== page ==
Kenya turns to Bioplastic for its packaging needs.

Posted on :Thursday , 1st December 2022

Due to the COVID-19 pandemic, Kenya has seen a spike in the market for home delivery, many of which are created with plastic packaging materials like oxoplastics and bioplastics.


Many agricultural products, as well as packaging, trash bags, and decomposition sacks, use oxyplastics, which are made from petroleum polymers. Because they include special chemicals, they break down easily.


Because it is environmentally favourable, biodegradation is regarded as a viable solution for the environmentally acceptable disposal of plastic waste. The trash should breakdown in the lowest amount of time possible during biodegradation to avoid building up in the environment.


On the other side, bioplastics are made from plants and/or microbes. Bioplastics are often created from natural polymers found in plants, animals, and microorganisms. These polymers are converted into polylactic acid, which may be utilised to create water bottles, a variety of food-grade containers, as well as films, with the aid of a catalyst.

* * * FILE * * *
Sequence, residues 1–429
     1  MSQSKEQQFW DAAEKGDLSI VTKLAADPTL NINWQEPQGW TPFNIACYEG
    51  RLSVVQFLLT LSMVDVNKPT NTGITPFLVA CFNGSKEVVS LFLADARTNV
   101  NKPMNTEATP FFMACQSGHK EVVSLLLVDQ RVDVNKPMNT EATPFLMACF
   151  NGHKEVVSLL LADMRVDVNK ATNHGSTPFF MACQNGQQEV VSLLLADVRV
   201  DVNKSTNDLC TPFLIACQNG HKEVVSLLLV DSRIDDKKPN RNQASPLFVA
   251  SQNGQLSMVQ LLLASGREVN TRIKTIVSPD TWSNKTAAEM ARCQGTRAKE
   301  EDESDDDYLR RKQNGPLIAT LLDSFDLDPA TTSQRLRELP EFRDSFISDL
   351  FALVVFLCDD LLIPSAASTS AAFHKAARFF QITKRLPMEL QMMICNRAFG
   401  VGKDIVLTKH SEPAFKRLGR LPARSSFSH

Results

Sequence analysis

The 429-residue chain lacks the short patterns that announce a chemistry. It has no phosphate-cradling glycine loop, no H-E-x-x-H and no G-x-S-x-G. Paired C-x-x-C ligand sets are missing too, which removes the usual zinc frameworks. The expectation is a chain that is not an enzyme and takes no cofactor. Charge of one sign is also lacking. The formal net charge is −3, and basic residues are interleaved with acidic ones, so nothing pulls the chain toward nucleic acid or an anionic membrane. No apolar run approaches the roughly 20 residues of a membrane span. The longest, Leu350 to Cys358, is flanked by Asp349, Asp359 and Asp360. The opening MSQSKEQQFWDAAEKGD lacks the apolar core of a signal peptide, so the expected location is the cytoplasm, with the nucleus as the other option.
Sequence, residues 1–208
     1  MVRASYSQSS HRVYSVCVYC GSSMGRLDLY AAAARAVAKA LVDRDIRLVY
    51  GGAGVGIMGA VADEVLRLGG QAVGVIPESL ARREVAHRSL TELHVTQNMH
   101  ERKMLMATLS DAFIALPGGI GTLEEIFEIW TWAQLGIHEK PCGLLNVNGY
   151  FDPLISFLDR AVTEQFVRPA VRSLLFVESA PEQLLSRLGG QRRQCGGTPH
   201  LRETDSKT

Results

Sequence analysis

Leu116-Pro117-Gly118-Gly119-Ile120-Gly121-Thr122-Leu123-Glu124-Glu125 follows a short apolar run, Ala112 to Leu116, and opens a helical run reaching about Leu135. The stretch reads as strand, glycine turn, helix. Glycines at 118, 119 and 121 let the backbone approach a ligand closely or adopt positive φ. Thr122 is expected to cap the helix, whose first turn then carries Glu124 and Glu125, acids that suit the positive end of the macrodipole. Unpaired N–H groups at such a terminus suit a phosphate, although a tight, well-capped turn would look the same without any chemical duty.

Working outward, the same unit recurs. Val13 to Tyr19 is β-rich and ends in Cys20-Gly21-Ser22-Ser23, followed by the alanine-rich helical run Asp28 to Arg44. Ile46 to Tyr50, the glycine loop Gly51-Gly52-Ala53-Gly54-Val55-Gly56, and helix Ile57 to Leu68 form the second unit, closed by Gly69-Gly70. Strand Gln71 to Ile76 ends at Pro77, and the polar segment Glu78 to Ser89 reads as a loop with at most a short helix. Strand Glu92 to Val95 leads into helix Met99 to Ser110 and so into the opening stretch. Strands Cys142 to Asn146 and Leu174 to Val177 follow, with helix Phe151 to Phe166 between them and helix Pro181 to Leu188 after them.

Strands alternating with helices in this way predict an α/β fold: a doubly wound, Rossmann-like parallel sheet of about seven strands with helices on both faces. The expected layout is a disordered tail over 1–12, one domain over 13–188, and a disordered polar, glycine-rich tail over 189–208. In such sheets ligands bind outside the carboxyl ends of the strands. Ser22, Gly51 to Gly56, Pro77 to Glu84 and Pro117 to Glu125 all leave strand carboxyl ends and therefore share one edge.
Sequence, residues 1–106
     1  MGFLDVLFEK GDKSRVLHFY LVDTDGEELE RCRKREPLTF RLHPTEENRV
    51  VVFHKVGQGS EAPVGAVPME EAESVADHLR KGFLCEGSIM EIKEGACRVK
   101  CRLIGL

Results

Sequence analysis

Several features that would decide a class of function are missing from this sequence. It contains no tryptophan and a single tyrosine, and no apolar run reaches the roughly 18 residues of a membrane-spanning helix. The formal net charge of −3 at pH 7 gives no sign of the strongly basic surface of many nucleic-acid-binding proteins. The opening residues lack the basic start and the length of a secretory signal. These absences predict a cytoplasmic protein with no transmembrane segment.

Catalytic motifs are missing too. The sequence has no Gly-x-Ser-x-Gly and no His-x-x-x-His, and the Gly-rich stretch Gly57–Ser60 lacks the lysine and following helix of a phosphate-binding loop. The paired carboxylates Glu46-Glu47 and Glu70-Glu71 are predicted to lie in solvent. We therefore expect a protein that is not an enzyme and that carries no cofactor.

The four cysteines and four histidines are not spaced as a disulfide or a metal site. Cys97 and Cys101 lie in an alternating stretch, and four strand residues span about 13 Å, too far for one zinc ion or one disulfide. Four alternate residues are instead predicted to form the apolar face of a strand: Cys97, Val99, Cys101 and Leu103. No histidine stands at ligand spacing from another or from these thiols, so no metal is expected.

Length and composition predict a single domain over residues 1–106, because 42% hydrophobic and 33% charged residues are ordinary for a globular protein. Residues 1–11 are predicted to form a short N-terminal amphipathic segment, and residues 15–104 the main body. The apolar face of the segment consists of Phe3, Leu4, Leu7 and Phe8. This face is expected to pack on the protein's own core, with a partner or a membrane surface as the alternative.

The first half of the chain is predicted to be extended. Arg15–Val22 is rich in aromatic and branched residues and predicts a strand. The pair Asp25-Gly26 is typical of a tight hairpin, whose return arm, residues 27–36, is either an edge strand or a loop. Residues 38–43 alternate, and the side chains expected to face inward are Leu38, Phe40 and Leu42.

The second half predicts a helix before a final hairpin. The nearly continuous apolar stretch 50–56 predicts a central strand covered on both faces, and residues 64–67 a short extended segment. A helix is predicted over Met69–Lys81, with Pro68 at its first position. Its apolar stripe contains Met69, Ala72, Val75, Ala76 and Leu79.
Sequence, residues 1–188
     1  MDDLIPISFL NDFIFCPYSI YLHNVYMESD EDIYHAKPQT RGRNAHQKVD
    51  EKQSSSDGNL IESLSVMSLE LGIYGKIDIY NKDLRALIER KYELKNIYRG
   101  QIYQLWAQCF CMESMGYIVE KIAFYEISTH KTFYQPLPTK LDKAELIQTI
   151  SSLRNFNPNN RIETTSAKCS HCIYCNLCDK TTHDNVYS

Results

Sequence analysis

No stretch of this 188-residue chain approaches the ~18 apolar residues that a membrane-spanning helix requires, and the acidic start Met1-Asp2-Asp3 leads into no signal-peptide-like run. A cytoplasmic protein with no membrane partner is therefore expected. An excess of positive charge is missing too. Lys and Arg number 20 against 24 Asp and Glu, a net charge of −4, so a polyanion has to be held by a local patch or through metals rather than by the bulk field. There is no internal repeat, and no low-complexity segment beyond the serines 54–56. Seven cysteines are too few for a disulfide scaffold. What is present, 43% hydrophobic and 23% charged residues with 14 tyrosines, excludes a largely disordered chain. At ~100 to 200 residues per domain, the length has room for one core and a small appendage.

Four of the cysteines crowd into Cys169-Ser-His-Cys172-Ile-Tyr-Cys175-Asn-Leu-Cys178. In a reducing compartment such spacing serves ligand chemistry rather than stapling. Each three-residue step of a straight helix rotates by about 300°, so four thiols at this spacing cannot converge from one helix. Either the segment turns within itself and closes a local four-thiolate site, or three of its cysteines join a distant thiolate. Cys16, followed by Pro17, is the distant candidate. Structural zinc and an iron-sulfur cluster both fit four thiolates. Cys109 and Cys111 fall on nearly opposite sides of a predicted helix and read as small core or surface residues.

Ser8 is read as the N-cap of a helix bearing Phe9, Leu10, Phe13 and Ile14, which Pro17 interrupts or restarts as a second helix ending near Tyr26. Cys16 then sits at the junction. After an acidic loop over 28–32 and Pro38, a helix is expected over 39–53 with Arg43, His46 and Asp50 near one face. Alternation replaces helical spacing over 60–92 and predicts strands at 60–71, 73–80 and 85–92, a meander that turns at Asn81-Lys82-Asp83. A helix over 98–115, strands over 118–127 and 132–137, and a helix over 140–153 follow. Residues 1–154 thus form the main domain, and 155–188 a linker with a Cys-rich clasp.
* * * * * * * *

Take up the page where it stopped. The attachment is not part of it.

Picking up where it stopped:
Therefore, bioplastics are recyclable and biodegradable. This is regarded as a carbon dioxide emission with zero sum. They contribute to the reduction of greenhouse gases and utilize 65% less energy than petrochemical plastics in their production.


Following the trend, Kenya began using bioplastics, and numerous investors made significant investments.


Plant polymers including sisal, papyrus, palm leaves, and baobab provide another option to plastic. In Kenya, plant-based carrier bags have gained popularity again in recent years to fill the hole left by the ban on single-use plastic bags.


These days, it's normal to see people using these bags in grocery stores and supermarkets. Although they are more expensive than plastic bags, the price can encourage reusing habits and disrupt the mentality of use-and-dump.


The biodegradable cotton fabric bags, also known as Kitenge bags, are another option that has gained popularity among urban and peri-urban people.


It would also help much to reduce unnecessary plastics if taxes on all imports intended to give traders accessible, cost-effective alternatives to single-use plastics were reduced or eliminated. However, a bioplastics-based green economy has the potential to create twice as much employment while preserving the environment. Increased employment opportunities in the cultivation, harvesting, and transportation of raw materials will result from encouraging the use of forest products to make alternatives to single-use plastics.

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